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Cells form on their own to live in ‘Xenobots’

Cells form on their own to live in ‘Xenobots’

The ability of cells to find their way to the planet’s body has been highlighted in a recent report when some boats are infected with parasites. their head is separated from the body through self-inflicted decapitation and then regenerates a new body within a few weeks. It’s tempting to see this as an extreme case of re-creation, but this approach leaves some deep questions hanging.

“First of all, where does the anatomical information you want to recreate come from?” Levin asked. “It’s easy to say ‘genome’, but now we know from our xenobots that there is extreme plasticity, and that cells are ready and able to build very different bodies.”

He says the second question is when to know when regeneration should stop. “How can cells know when the last ‘correct’ shape was created, and can stop it from reshaping and growing?” he asked. The answer is critical to understanding the uneasiness of cancer cells, he said.

Levin’s team is examining whether adult human cells (which have no embryonic cell variability) have a similar ability to collect in “bots”. Researchers say the preliminary findings suggest so.

Organisms, Living Machines or Both?

In his paper, Levin and his colleagues discuss the potential of xenobots as a “living machine” for collective operations such as cleaning microscopic probes or cleaning aqueous environments that can be deployed in swarms. Adami, however, is convinced that the Tufts team understands enough to start doing this. “They haven’t shown that you can design these things, that you can program them, that they are doing anything that is not‘ normal ’after releasing mechanical restrictions,” he said.

However, Levin is uninterrupted, believing that the branches of the basic sciences of xenobot can eventually go far beyond their biomedical or bioengineering applications to any collective system that shows an emerging design that is not specifically coded in its parts.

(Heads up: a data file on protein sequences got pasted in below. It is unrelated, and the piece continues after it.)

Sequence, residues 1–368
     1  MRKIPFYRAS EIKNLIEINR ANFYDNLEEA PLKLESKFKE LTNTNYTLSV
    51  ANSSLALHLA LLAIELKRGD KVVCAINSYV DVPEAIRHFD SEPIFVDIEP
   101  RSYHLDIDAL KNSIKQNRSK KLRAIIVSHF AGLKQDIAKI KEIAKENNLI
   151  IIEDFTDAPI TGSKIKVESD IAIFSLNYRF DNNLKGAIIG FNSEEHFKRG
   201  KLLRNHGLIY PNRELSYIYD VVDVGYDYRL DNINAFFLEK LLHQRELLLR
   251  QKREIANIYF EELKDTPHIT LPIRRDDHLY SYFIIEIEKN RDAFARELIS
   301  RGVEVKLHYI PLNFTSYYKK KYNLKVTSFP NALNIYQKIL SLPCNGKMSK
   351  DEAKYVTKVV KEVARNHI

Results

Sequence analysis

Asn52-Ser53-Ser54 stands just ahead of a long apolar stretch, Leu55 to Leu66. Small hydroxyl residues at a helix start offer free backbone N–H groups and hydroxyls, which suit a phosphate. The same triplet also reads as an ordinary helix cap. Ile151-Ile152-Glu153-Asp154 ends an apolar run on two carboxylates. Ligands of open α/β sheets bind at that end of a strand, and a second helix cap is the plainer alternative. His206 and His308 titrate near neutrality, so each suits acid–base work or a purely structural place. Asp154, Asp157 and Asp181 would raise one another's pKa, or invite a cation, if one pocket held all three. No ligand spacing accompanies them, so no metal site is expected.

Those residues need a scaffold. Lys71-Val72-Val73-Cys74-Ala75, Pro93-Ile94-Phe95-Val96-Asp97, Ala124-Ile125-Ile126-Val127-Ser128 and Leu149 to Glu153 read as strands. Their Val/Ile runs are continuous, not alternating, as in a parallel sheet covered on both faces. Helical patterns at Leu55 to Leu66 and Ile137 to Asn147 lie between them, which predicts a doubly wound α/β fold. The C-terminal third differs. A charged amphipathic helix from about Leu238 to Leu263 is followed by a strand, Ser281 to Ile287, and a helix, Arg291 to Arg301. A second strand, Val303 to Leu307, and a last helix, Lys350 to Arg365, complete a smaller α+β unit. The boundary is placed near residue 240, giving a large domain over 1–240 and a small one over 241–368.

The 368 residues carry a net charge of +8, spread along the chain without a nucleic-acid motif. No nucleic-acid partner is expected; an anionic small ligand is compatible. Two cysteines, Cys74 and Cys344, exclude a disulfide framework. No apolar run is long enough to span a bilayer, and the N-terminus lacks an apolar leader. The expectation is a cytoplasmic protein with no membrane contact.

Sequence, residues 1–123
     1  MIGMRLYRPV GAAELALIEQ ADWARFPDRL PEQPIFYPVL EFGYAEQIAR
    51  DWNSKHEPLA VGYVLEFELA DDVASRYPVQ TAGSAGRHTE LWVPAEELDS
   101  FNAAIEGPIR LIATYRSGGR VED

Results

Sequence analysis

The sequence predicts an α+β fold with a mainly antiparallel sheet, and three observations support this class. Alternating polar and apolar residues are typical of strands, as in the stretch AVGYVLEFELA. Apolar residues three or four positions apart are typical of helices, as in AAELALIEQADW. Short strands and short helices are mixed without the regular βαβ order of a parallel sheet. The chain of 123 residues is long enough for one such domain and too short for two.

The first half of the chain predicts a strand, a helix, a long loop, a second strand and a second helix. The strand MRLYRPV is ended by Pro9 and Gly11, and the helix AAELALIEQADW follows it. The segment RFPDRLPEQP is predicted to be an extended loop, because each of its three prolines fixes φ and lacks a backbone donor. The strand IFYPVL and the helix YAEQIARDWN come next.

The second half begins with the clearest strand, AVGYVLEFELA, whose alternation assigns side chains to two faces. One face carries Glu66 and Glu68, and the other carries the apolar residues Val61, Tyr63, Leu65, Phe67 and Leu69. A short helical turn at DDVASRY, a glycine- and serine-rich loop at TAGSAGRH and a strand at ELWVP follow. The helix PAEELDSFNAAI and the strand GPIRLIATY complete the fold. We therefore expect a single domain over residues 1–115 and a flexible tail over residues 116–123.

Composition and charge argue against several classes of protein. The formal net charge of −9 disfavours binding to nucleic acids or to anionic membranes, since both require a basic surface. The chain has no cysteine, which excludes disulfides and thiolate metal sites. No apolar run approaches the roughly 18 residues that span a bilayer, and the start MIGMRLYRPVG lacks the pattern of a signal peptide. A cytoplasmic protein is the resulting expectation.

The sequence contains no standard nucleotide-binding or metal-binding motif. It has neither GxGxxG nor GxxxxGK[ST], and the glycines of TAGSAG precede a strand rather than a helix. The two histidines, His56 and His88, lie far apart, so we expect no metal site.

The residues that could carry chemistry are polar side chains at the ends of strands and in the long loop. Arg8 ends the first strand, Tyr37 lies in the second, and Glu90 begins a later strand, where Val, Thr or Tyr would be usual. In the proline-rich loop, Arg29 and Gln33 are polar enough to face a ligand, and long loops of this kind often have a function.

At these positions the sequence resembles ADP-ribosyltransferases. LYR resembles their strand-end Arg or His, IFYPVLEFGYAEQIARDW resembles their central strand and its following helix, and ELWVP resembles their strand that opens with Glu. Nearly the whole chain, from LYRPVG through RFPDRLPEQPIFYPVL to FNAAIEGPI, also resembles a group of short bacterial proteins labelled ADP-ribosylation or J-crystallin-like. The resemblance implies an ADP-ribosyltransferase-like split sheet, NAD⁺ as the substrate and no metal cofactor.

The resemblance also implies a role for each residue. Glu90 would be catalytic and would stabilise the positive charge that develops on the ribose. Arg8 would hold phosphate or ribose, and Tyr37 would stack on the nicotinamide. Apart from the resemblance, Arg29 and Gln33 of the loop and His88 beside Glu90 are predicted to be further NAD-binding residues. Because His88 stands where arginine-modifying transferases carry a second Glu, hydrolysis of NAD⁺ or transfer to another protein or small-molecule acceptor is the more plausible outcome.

“I think it’s bigger than biology itself,” Levin said. “We need to know where the large-scale goals are coming from. We will be surrounded by the internet of things, swarm robotics and corporations and companies. We don’t know where their goals are coming from, we’re not good at forecasting, and we’re certainly not good at programming. “

Solé shares this broad view. “This work is particularly noteworthy for what it shows about the creative power of self-organization,” he said. He believes that nature can expand to see how it creates its endless forms: “One thing we know well is that nature constantly plays with biological matter and that different functions or solutions can be achieved through different combinations of pieces.” Perhaps the animal, even man, is not an entity written in stone or, rather, in DNA, but rather a possible outcome of the decision-making of cells.

Are xenobots “organisms,” though? Absolutely, Levin says, if we take the proper meaning of the word. A collection of cells that includes clear boundaries and well-defined collective and cellular activities can be considered “personal”. When xenobots encounter each other and stick together temporarily, they do not merge; they maintain and respect their own identity. “They have natural boundaries that set them apart from the rest of the world and allow them to have consistent functional behaviors,” Levin said. “That’s basically what it means to be an organism.”

“They’re organisms,” Jablonka admits. It is true that xenobots cannot be reproduced, but then neither can a mule. Moreover, “a xenobot can be fragmented and two small ones formed,” he said, “and perhaps some cells will divide and separate into mobile and non-mobile.” If so, xenobots may have some evolution. In that case, who knows what they might become?

Original story reprint with permission Quanta magazine, independent publisher’s publication Simons Foundation its mission is to improve public knowledge of science by covering developments and trends in research in mathematics and physics and life sciences.

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